Wroclaw

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Wroclaw - St. Elisabeths Church

Wroclaw is small but is very pleasant and engaged with it’s historical and beautiful city architecture. Wroclaw is located on the Oder river and is the main town in southwestern Poland. In the past, this village was the oldest capital of Silesia and today continues to be the capital of Lower Silesian Voivodeship. The population of Wroclaw is approximately 650 000 people, making it the fourth largest city in Poland.

Oder river makes a passing panorama of the city of Wroclaw a veritable idyll. Along the Odra - as the Poles call it, forms a real labyrinth of islands and bridges, which deservedly won the nickname of the city - Polish Venice. But the similarities between these two cities do not stop here. Wroclaw brings back over 1000 years of history helping it to become today a very good place for business and cultural tourism.

Everywhere on the streets of Wroclaw you can see cozy cafes, excellent restaurants and charming hotels. The city has a large shopping plaza, a beautiful cathedral and many churches and a large green park, which is an excellent place for walks and countless more interesting spots to visit.

For many years Wroclaw has been one of the international centers for conducting various exhibitions, seminars and festivals. A particular interesting festival is Nonstop Wroclaw - Wroclaw NonStop.

Wroclaw is called by the name of - Meeting Place of Poland, and if you visit this nice city, you'll understand why. Wroclaw can certainly claim to be one of the countries most advanced cities. The townspeople love to say they do not need a special occasion to visit Wroclaw. It is full of surprises for its guests, such as the Japanese Garden in Szczytnicki Park and the army of gnomes.

Another synonym of Wroclaw is another town of one hundred bridges. Between them are the streets of the village where you will find a whole host of wonderful historic monuments, museums and galleries.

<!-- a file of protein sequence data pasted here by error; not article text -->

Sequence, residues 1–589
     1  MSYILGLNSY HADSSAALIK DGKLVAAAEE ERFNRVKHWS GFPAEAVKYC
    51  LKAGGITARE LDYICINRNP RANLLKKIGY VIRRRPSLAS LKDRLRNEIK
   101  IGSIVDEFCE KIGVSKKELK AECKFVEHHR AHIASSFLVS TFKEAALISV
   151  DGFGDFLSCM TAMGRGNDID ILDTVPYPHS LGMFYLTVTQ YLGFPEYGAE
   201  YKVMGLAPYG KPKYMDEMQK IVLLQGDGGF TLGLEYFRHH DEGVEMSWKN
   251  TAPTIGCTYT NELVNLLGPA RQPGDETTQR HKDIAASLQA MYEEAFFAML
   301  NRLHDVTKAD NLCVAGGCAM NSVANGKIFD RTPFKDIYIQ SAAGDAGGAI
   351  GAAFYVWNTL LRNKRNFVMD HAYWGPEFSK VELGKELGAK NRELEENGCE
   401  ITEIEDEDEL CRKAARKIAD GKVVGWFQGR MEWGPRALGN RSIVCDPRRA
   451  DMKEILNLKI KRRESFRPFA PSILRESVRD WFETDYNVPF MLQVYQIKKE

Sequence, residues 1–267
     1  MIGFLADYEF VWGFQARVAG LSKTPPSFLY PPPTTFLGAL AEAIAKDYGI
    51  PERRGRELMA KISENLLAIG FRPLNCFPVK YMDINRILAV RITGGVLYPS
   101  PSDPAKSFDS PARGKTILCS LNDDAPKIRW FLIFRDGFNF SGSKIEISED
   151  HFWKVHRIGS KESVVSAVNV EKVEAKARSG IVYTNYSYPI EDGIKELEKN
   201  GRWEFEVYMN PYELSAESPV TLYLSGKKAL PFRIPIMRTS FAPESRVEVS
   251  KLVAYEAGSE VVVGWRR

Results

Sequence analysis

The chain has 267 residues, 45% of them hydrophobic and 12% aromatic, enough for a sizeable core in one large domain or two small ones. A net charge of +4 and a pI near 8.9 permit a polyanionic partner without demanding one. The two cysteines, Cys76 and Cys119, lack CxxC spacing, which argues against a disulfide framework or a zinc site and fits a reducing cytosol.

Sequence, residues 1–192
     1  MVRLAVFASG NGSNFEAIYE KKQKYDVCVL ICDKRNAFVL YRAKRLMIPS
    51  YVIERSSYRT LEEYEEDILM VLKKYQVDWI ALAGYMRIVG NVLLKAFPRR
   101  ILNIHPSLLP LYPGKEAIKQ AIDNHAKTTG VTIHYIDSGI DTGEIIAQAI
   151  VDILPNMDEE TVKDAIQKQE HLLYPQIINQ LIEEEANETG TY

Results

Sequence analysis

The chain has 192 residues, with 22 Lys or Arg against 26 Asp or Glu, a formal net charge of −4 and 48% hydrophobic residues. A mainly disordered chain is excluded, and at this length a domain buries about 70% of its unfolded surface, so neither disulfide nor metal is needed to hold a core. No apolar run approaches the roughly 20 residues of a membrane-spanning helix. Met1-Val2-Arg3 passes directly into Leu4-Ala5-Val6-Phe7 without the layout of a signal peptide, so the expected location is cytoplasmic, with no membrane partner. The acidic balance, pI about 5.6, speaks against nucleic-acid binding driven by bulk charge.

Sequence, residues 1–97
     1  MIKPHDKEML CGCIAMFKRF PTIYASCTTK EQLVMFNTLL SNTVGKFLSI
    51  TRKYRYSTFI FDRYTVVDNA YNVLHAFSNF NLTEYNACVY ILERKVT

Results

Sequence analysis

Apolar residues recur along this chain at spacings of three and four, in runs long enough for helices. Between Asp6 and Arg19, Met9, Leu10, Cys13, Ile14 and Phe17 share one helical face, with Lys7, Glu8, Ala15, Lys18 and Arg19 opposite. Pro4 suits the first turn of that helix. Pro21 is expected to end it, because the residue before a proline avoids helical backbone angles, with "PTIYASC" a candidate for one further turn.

The glory of Wroclaw as a cultural center is due to the Theatre Laboratorium of Jerzy Grotowski, the Theatre of pantomime Henryk Tomaszewski and the international festivals such as - Wratislavia Cantans.

Wroclaw for centuries was part of the Polish Kingdom and was the first Polish dynasty from the Czech Kingdom - Habsburg Empire, Prussia and the Third Reich. In 1945 the city returned to the borders of Poland and had settled there were many emigrants from the eastern suburbs.

Following the introduction of market reforms Wroclaw became one of the most dynamically developing cities in Poland and an attractive place for investment. The city ranks second only to Warsaw on registered entities with the participation of foreign capital.

Among the attractions of Wroclaw are unique architectural ensembles of the island Tumski, the building of the University with the baroque tower of the Leopoldina, newly restored Market Square, Rynek - a Baroque town hall building which is considered one of the most beautiful buildings of its kind in Europe after the mayor of Bremen and Brussels, Wroclaw Castle.

The picturesque streets of the Old city of Wroclaw emit a unique atmosphere and full of galleries, art shops, museums and cozy cafes. Interesting to visit are the botanical and zoological gardens, which are considered among the most beautiful in all of Poland.

The building of the Central Hall - Centennial Hall, in Wroclaw was included in the UNESCO list of cultural monuments in 2006.

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